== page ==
Over 3,000 commercial flights pass through New York City airports every single day, according to Port Authority statistics.
Each one of these aircraft — passenger jets, cargo planes, helicopters, seaplanes, private jets and more — has to be safely routed into and out of the area’s crowded airspace, which is no easy task.
What’s more, this deluge of planes into the Big Apple is limited to just nine runways between LaGuardia, Newark Liberty and John F. Kennedy International Airport. (A fourth airport, Teterboro, is for general aviation.)
The Federal Aviation Agency (FAA) is charged with controlling the country’s busiest airspace above its largest metropolis. Under normal conditions, planes are safely — and in a timely manner — guided in and out of their destination airport. But when one little thing goes wrong, the bottleneck can stack up delays for other flights in the region, even if traveling to or from a different airport.
Here are some of the major reasons why:
This is the most obvious—and noticeable—cause for delays in the air. While a passenger jet can land in some seriously scary weather, it’s not a fun ride for the passengers on board. Crosswinds and lightning are two of the biggest causes of weather delays.
When the weather is bad in New York, it affects the airports here, as well as the airports planes are headed to and the places they’re coming from.
LaGuardia is particularly vulnerable to weather delays thanks to its very low elevation and proximity to Flushing Bay. Research by the Weather Channel showed that LaGuardia had almost 13,000 weather related delays in 2013, second most in the nation.
And of course weather on a flight's route can also lead to delays. Altlanta to New York can be delayed by a storm in Virginia, for example.
Here’s an example of a plane being routed away from its originally filed flight plan in order to avoid weather around JFK:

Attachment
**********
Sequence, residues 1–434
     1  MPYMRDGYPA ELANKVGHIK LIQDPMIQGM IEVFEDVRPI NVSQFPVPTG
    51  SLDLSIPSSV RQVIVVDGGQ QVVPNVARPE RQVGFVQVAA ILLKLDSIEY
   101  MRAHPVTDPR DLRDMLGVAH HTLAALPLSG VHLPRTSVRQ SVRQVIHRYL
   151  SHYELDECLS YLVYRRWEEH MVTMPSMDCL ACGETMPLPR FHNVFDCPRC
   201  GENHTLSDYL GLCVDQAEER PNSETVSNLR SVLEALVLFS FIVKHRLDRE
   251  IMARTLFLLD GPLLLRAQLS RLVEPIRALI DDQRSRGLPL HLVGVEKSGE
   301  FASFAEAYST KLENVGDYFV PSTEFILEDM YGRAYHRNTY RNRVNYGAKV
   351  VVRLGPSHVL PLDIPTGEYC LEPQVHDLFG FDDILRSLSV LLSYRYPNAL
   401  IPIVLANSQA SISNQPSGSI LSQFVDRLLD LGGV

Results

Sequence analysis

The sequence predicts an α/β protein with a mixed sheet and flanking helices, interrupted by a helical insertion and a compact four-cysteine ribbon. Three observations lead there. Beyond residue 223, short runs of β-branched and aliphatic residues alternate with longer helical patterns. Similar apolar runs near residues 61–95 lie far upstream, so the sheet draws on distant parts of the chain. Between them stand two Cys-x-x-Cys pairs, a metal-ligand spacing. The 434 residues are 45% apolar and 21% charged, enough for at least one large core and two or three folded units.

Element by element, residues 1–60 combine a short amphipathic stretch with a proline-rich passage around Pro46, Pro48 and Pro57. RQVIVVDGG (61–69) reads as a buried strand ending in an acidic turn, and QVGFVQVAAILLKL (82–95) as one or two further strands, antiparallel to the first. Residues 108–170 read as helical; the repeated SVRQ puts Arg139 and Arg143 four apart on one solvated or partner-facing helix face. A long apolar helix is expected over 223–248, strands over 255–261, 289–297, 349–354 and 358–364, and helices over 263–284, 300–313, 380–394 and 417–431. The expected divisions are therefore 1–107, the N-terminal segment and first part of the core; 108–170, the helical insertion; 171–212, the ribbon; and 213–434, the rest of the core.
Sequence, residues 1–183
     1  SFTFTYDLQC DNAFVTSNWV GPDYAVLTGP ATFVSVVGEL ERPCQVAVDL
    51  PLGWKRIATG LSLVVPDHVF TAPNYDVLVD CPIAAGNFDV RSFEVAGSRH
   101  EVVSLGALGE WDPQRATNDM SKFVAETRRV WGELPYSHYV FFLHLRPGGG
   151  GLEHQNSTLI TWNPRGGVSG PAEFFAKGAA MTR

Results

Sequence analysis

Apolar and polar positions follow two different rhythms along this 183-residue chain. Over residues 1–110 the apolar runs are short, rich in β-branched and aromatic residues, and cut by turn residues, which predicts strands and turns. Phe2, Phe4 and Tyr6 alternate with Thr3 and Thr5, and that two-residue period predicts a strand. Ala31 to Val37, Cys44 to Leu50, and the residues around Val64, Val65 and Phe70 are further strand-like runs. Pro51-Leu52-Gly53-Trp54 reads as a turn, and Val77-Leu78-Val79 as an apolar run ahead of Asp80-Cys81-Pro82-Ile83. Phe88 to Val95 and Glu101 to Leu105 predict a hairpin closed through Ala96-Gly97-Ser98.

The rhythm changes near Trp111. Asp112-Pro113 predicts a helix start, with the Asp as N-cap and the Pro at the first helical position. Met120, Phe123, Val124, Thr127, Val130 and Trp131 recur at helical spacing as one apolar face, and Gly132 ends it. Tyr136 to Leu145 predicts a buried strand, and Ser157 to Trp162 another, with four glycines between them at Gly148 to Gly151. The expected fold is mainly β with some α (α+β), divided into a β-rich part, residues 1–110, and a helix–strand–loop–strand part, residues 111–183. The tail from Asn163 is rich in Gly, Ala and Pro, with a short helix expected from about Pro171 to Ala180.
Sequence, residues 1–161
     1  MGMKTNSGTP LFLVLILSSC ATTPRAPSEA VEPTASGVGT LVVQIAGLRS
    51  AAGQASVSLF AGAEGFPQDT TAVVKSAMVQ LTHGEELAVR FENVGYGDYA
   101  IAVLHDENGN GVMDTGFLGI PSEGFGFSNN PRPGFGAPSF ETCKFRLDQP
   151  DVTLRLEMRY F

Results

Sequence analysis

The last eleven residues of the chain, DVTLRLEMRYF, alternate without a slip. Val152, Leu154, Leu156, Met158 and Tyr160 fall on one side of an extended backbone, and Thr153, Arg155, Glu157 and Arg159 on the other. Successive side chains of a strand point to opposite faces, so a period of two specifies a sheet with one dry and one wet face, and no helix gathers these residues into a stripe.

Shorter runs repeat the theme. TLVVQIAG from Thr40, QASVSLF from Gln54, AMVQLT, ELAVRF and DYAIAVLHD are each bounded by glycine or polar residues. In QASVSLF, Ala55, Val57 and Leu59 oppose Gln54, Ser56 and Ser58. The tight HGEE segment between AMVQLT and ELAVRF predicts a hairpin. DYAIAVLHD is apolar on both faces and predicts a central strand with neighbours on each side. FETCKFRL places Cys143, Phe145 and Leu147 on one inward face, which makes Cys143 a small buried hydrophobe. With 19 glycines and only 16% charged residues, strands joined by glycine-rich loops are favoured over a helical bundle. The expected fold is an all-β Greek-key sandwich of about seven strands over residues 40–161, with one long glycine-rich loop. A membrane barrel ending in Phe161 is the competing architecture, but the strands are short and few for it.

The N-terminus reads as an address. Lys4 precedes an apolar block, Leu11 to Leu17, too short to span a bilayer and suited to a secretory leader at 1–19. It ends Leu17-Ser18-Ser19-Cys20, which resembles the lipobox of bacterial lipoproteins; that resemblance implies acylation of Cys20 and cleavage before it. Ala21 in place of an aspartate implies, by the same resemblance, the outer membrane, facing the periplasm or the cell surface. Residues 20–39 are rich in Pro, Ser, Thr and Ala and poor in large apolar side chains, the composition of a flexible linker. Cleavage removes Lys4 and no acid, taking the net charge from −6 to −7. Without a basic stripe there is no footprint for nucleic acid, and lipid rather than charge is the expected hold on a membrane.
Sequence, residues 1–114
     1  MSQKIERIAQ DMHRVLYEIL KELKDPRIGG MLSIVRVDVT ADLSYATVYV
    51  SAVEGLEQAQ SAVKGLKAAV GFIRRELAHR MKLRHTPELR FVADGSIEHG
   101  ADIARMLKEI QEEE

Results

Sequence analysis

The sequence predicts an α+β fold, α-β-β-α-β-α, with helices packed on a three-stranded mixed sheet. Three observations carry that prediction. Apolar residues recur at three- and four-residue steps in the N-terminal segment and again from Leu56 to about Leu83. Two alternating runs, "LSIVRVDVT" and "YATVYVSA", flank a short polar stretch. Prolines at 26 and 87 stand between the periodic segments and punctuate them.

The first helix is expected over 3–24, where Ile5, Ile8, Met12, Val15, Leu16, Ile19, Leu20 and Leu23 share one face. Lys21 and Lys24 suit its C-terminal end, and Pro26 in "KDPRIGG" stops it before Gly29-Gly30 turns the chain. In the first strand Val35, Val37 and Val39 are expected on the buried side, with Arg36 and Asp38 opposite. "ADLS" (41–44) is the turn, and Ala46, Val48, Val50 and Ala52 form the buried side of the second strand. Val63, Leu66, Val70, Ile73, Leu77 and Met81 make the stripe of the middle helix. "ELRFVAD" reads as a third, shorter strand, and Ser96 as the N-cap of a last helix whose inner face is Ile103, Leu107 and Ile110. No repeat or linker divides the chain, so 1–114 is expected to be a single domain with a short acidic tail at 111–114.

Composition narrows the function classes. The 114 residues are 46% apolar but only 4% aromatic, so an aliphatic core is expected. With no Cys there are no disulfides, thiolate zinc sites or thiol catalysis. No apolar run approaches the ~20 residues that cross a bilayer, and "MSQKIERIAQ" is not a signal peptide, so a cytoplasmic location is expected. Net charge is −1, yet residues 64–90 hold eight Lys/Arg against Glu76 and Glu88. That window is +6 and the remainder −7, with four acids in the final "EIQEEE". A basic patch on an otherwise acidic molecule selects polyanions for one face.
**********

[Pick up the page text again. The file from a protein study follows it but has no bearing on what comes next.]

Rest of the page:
2. Runway slots
Because of the area’s congestion, the FAA has implemented hourly capacity limits for planes in the New York region. In the best of conditions, the FAA says the three airports combined can handle a maximum of 279 planes per hour. This decreases dramatically when controllers must add extra distance between planes on approach.
These takeoff and landing slots are a hot commodity, and when airlines feel they aren't getting their fair share, things can escalate quickly.
Each airline wants the best slots to schedule flights. Generally, these are in the morning and late afternoon or evening. A startup called AirHelp has a massive database of past flight schedules. The company has put together this list of the worst times of the day for delays.
3. Crossing flight paths
Air Traffic Controllers are well-versed in dealing with the torrent of incoming and departing flights. They have to stagger arrivals to avoid a catastrophic collision, which sometimes means pilots are put into holding patterns or forced to take a less-direct route.
“Think of it as a very tight-knit system where flight paths interlace,” said AirHelp founder Nicolas Michaelson.
“If one flight departs or arrives later than scheduled, it will mean that other flights will have to adjust. This is why you sometimes will end up circling around in air.”
4. Airport layout
Again, aircraft are largely at the mercy of weather more than anything else. Crosswinds, in particular, are the most delay-inducing. Often, a plane can take off in a head or tailwind, but not one blowing perpendicular to the runway.
Michaelson points to Newark in particular to illustrate this problem. “Newark has three main runways, and depending on wind they can easily end up in a situation where they’re only left with one runway,” he says.
At the end of the day, safety remains the most crucial element of Air Traffic Control, as Business Insider contributor and long-time Flight Dispatcher, Phil Derner, reminds us: “As annoying as those delays are, they are intended to keep the airspace manageable by air traffic controllers, all in the interest of safety.”
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